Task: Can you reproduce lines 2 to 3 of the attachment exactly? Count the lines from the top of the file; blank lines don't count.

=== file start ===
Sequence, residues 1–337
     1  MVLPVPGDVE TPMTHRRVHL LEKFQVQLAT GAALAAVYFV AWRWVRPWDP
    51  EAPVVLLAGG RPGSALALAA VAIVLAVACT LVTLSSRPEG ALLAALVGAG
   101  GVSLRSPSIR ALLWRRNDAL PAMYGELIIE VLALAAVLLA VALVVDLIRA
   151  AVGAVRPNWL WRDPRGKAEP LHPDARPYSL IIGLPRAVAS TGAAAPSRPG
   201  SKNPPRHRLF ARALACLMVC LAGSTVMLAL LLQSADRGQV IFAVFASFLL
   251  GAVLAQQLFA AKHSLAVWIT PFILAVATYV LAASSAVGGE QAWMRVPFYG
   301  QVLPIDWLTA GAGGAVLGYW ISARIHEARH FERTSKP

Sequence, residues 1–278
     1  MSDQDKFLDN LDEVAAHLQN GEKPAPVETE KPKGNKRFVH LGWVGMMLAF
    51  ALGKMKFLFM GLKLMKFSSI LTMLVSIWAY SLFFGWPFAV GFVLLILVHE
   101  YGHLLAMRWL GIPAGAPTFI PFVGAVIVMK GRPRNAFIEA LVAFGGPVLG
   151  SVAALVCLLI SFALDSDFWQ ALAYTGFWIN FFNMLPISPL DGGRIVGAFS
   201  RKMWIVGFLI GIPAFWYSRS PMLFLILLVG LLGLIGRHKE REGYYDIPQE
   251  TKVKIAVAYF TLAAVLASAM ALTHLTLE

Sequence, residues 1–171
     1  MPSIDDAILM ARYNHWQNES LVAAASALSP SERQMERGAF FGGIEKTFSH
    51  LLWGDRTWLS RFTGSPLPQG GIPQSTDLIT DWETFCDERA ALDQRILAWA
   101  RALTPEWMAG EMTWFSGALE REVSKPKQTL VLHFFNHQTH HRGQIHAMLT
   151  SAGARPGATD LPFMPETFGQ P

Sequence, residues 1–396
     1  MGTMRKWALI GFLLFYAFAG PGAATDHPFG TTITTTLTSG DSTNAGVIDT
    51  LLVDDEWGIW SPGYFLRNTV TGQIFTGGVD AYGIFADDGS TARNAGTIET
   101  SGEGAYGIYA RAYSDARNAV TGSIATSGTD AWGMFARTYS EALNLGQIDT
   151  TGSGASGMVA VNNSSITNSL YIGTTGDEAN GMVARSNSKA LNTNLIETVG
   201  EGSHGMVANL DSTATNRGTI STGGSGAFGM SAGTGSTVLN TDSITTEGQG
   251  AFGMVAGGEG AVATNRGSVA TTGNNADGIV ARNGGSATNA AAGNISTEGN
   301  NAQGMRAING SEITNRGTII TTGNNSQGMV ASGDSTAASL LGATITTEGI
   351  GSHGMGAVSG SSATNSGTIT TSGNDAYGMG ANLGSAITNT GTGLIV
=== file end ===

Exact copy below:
     1  MVLPVPGDVE TPMTHRRVHL LEKFQVQLAT GAALAAVYFV AWRWVRPWDP
    51  EAPVVLLAGG RPGSALALAA VAIVLAVACT LVTLSSRPEG ALLAALVGAG